Natural or other disasters could disrupt our business and result in loss of revenue or in higher expenses.

        Any serious disruption at any of our facilities due to hurricane, fire, earthquake, flood, terrorist attack or any other natural or man-made disaster could impair our ability to use our facilities and have a material adverse impact on our revenues and increase our costs and expenses. If there is a natural disaster or other serious disruption at any of these facilities, it could impair our ability to adequately supply our customers and negatively impact our operating results. In addition, many of our current and potential customers are concentrated in specific geographic areas. A disaster in one of these regions could have a material adverse impact on our operations, operating results and financial condition.

        While we maintain business recovery plans that are intended to allow us to recover from natural disasters or other events that could disrupt our business, we cannot provide assurances that our plans would fully protect us from all such disasters or events that might result due to climate change. In addition, insurance may not adequately compensate us from any losses incurred as a result of natural or other disasters. Furthermore, in areas prone to frequent natural or other disasters, insurance may become increasingly expensive or not at all available.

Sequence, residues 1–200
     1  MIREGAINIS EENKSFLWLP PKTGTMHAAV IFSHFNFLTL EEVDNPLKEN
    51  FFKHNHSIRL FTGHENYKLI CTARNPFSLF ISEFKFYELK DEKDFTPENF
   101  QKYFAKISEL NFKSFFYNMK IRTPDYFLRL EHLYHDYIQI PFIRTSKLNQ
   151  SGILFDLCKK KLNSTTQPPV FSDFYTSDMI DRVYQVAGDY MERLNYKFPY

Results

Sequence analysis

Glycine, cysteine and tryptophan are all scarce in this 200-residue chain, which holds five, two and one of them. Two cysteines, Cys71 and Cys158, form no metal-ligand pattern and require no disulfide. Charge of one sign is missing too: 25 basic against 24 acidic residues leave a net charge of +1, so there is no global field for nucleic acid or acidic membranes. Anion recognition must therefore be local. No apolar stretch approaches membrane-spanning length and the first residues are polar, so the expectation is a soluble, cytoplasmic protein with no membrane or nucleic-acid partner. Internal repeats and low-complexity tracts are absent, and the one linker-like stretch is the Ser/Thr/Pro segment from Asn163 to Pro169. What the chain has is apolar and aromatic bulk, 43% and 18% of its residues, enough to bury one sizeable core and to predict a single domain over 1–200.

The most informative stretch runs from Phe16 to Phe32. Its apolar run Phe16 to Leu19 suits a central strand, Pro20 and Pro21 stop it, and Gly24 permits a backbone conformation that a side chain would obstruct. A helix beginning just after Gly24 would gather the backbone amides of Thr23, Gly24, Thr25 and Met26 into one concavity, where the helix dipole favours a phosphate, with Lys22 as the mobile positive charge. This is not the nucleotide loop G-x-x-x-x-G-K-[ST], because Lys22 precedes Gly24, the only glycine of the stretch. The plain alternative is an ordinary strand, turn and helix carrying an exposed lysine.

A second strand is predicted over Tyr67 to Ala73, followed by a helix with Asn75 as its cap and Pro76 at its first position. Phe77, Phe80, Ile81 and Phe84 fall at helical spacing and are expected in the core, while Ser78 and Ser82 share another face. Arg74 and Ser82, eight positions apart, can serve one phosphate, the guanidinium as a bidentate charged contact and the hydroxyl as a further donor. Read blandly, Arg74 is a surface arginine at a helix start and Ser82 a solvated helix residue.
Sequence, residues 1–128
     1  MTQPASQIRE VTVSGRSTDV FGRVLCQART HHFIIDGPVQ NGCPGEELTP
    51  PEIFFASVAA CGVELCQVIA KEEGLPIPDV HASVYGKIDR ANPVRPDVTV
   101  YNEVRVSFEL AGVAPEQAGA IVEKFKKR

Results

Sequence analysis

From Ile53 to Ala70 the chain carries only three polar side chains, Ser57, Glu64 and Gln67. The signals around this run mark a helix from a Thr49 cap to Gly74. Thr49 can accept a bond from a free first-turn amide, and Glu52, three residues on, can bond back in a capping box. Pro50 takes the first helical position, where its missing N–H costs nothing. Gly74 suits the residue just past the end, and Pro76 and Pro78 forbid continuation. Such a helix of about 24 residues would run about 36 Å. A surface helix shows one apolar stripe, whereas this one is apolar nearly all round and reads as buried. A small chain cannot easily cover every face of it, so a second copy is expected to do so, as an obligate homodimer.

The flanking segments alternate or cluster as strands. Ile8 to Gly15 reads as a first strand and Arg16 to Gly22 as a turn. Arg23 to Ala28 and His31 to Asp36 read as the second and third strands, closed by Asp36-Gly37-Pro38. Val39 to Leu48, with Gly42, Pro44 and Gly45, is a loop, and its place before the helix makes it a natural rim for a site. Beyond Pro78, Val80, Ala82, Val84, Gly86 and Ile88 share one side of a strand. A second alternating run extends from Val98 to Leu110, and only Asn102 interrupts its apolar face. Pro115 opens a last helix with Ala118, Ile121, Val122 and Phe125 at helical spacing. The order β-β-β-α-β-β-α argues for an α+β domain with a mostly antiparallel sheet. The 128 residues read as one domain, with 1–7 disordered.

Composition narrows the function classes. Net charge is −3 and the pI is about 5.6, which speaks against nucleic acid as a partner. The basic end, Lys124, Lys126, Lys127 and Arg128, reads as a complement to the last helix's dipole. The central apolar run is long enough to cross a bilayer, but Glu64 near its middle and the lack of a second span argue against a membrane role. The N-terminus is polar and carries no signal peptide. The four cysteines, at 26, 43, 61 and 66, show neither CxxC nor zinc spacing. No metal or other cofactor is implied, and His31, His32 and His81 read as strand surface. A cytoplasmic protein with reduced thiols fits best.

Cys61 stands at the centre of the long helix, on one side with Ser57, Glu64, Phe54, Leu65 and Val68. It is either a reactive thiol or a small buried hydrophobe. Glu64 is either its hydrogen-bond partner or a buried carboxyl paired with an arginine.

Our operations involve risks that may increase our operating costs, which could reduce our profitability.

        Although we take precautions to enhance the safety of our operations and minimize the risk of disruptions, our operations are subject to hazards inherent in the manufacturing and marketing of differentiated and commodity chemical products. These hazards include: chemical spills, pipeline leaks

40


Table of Contents


and ruptures, storage tank leaks, discharges or releases of toxic or hazardous substances or gases and other hazards incident to the manufacturing, processing, handling, transportation and storage of dangerous chemicals. We are also potentially subject to other hazards, including natural disasters and severe weather; explosions and fires; transportation problems, including interruptions, spills and leaks; mechanical failures; unscheduled downtimes; labor difficulties; remediation complications; and other risks. Many potential hazards can cause bodily injury and loss of life, severe damage to or destruction of property and equipment and environmental damage, and may result in suspension of operations and the imposition of civil or criminal penalties and liabilities. Furthermore, we are subject to present and future claims with respect to workplace exposure, exposure of contractors on our premises as well as other persons located nearby, workers' compensation and other matters.